Friday 26 August 2016

Marla Ahlgrimm Shares History of the Pharmacy

Marla Ahlgrimm
Marla Ahlgrimm is a retired pharmacist and one of the nation’s leading female healthcare experts. She has been involved in pharmaceuticals since the 1970s, but explains that the history of the modern pharmacy dates back before language.

Prehistoric medicine

According to Marla Ahlgrimm, the people we commonly know as cavemen were actually the first “pharmacists.” By trial and error, prehistoric man learned that certain compounds, including dirt, leaves, and mud, were soothing to injuries.

Ancient China

Considered one of the first herbal healers, Chinese Emperor Shen Nung investigated and recorded the medicinal value of 365 native remedies. Nung was brought roots, barks, and herbs from all over the world and many of his findings were the foundation for modern medicinal cures, says Marla Ahlgrimm.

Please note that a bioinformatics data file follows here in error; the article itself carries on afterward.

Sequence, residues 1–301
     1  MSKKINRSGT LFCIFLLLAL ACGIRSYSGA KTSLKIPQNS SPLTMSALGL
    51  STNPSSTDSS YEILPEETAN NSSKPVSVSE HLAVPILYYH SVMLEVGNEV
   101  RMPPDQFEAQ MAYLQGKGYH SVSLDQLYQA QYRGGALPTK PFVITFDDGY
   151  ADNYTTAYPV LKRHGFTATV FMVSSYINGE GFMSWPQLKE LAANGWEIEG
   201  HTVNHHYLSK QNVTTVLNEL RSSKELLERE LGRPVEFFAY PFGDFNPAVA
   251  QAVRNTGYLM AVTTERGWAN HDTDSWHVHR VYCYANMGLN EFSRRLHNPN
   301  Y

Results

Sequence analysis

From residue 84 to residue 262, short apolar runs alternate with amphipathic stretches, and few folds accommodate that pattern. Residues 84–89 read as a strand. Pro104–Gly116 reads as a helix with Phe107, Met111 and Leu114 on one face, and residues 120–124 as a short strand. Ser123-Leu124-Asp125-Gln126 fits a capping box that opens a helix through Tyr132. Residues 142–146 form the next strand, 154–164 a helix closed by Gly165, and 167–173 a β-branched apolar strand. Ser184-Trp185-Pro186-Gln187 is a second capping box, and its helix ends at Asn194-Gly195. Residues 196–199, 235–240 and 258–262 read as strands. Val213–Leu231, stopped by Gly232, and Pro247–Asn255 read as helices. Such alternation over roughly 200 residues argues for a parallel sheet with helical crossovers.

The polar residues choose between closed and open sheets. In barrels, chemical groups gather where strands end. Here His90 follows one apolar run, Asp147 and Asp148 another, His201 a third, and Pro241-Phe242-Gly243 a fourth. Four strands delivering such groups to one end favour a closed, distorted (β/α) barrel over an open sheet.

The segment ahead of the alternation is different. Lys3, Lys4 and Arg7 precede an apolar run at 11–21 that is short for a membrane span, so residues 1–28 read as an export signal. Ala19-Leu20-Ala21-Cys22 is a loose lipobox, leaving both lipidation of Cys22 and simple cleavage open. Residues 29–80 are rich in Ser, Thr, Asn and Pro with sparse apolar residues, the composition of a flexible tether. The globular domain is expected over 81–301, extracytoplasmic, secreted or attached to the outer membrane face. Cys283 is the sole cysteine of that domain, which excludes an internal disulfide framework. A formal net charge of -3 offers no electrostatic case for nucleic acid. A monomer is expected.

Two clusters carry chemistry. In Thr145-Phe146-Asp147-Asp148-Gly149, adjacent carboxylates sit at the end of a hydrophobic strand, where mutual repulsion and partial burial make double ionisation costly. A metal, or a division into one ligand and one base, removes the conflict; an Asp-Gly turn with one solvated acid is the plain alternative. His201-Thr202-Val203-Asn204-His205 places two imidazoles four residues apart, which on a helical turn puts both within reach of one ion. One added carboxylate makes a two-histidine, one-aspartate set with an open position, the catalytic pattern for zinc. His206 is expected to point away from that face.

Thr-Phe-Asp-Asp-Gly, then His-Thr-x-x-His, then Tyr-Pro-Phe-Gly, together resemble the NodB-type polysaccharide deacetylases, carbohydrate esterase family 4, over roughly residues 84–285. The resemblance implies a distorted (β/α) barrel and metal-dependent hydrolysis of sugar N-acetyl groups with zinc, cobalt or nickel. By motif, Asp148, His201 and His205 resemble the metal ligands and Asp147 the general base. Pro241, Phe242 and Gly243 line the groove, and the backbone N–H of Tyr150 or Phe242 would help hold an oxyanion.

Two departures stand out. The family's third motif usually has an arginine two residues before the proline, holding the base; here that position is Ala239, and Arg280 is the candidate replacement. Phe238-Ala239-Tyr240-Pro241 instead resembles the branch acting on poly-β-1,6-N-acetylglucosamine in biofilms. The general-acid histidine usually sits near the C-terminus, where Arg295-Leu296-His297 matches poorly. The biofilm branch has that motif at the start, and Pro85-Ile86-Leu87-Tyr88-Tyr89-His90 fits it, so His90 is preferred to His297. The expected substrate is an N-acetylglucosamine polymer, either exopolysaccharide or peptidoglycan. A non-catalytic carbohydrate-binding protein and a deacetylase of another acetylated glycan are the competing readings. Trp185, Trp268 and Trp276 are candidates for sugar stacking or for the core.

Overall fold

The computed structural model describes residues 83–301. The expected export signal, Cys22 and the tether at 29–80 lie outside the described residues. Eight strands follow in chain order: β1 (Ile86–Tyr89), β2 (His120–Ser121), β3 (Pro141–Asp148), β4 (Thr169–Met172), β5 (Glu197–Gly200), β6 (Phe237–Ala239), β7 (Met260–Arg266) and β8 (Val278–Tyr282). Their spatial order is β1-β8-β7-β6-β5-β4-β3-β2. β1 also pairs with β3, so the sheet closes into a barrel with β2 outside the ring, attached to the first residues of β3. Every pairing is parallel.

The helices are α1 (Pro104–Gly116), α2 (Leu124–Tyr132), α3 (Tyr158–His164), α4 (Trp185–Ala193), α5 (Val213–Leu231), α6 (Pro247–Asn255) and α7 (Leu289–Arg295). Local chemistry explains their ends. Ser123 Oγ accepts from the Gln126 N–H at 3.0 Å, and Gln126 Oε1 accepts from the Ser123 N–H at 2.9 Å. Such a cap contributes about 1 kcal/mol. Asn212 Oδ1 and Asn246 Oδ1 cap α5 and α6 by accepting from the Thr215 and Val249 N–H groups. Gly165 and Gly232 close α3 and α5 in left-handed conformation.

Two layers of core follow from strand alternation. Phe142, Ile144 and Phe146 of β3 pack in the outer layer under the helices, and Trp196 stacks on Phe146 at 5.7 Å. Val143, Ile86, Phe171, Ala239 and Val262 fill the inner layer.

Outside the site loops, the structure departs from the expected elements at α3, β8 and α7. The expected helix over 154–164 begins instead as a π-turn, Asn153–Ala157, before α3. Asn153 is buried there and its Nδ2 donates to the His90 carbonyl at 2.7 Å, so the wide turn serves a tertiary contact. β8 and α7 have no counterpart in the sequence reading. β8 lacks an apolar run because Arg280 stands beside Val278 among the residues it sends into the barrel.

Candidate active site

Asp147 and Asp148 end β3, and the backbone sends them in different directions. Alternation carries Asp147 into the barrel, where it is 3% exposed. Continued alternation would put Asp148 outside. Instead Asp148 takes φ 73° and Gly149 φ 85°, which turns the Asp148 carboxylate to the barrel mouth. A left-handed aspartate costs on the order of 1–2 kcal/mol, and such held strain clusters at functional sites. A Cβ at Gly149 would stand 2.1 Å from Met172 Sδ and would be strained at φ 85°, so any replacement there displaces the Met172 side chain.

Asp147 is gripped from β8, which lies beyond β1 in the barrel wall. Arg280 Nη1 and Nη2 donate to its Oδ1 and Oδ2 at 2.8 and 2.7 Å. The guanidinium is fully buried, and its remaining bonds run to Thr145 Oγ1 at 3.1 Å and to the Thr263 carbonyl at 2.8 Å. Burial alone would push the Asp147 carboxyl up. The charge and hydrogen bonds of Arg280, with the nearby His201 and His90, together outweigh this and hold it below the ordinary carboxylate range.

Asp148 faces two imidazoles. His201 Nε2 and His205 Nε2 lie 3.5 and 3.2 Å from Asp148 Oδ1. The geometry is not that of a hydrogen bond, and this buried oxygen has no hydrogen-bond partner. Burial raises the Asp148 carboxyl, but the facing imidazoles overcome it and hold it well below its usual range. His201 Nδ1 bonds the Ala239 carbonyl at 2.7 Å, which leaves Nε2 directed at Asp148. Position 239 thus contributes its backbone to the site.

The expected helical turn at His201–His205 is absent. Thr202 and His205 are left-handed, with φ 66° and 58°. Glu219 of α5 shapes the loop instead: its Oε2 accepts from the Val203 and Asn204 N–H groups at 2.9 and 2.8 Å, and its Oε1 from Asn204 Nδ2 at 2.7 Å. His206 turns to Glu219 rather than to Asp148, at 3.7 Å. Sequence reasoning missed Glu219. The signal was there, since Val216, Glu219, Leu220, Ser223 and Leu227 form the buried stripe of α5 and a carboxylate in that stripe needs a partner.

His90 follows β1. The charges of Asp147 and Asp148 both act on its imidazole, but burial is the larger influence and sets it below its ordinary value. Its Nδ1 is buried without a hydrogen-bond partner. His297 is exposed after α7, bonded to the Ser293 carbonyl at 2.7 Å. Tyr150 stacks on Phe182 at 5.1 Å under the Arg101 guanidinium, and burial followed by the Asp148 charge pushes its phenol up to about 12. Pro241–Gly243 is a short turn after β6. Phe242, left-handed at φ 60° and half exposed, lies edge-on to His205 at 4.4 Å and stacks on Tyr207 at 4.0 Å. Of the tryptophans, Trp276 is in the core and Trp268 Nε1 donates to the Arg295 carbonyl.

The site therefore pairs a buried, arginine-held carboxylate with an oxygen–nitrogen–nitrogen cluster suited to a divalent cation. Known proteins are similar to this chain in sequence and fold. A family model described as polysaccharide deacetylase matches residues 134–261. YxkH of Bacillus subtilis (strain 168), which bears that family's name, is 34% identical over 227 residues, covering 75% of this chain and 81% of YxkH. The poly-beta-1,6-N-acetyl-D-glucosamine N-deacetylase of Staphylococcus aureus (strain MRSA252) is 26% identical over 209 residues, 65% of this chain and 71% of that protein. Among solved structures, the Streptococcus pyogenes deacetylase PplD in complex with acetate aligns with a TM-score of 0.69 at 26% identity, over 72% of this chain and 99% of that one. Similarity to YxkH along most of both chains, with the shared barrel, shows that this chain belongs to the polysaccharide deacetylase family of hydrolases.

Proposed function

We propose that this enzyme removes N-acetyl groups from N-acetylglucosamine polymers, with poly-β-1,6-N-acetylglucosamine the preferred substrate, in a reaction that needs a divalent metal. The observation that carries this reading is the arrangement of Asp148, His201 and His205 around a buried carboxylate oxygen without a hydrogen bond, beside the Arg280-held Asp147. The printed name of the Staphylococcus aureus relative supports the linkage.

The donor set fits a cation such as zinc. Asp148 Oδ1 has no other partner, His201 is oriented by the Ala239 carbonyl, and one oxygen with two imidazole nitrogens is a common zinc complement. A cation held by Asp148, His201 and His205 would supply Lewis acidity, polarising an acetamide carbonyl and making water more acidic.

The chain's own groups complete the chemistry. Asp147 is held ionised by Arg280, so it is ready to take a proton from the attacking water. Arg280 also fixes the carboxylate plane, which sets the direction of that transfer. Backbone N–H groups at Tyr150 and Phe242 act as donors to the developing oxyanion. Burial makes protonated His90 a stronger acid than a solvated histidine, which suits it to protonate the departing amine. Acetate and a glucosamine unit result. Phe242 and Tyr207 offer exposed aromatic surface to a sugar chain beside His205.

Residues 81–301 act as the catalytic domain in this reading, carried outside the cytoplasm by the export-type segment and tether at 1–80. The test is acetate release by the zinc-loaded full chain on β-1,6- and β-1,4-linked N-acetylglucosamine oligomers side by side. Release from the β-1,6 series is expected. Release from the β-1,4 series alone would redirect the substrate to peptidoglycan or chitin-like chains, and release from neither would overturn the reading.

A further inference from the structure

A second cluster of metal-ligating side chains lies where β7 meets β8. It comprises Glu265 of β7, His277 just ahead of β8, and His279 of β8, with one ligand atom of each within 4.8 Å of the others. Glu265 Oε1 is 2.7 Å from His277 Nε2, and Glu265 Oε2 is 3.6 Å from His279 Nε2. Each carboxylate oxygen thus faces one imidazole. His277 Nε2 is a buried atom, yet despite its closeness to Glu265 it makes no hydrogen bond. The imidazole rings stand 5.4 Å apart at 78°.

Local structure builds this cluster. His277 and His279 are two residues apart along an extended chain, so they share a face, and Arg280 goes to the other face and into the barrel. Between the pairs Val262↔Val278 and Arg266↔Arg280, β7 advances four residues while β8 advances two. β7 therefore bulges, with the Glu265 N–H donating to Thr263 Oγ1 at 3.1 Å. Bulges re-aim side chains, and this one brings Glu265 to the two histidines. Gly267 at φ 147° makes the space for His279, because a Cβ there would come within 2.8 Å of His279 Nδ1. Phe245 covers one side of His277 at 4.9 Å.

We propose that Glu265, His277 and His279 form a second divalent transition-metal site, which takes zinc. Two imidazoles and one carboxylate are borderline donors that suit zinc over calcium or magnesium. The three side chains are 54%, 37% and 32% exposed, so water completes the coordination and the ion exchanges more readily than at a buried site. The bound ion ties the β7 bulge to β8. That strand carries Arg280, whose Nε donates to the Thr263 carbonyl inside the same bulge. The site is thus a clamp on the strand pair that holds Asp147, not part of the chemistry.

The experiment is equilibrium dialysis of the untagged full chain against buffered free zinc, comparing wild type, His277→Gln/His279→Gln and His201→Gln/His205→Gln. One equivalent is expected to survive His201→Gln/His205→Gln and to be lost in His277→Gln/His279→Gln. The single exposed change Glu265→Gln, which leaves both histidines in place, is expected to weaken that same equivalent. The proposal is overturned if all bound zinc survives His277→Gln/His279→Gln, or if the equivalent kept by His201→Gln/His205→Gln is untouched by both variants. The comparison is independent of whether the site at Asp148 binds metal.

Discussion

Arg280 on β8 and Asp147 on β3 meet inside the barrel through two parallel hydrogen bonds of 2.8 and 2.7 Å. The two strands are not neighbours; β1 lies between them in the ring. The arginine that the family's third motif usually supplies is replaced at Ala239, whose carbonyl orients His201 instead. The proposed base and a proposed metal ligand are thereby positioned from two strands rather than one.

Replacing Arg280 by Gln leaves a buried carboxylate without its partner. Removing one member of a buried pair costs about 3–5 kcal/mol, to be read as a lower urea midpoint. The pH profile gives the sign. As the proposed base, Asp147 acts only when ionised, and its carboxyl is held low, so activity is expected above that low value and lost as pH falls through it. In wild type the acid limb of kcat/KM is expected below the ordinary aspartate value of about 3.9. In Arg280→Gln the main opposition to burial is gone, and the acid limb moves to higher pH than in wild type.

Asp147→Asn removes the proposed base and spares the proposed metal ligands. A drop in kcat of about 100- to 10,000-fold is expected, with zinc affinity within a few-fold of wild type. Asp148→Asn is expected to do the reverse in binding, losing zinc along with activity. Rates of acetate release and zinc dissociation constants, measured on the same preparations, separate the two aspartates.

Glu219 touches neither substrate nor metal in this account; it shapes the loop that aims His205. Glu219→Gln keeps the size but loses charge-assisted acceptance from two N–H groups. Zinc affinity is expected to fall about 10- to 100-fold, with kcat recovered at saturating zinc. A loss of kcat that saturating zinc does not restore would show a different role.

The Papyrus Ebers

Dating from 1500 BC, the Papyrus Ebers is a collection of greater than 800 pharmaceutical cures mentioning 700 different drugs. This Egyptian text was compiled by early pharmacists and is the first written information available on compounding.

The first trademark

Marla Ahlgrimm explains that trademarking is commonplace among worldwide pharmaceutical producers. The first trademarked drug, Terra Sigillata, originated on the island of Lemnons sometime before 500 BC. As the name suggests, Terra Sigillata means Sealed Earth. These clay tablets were dug out of a sacred hillside once a year, hand rolled, and given the impression of a local priestess.

Monastic pharmacies

By the middle ages, pharmaceutical knowledge was preserved in the monasteries. On-site scientists hand wrote manuscripts for monastery libraries. These detailed how the monks pursued such interests as gardening and compounding for the benefit of the sick and injured.

The Marshall apothecary

Marla Ahlgrimm explains that one of the first Western apothecaries, or pharmacies, was established in 1729 by Christopher Marshall. This Irish immigrant became known as the “Fighting Quaker” for his undying spirit and determination to further medicinal sciences.

Since the dawn of time, humankind has turned to medicine to cure the ailments of the ages. According to Marla Ahlgrimm, science has made remarkable advances over the last 100 years and shows no signs of slowing down.


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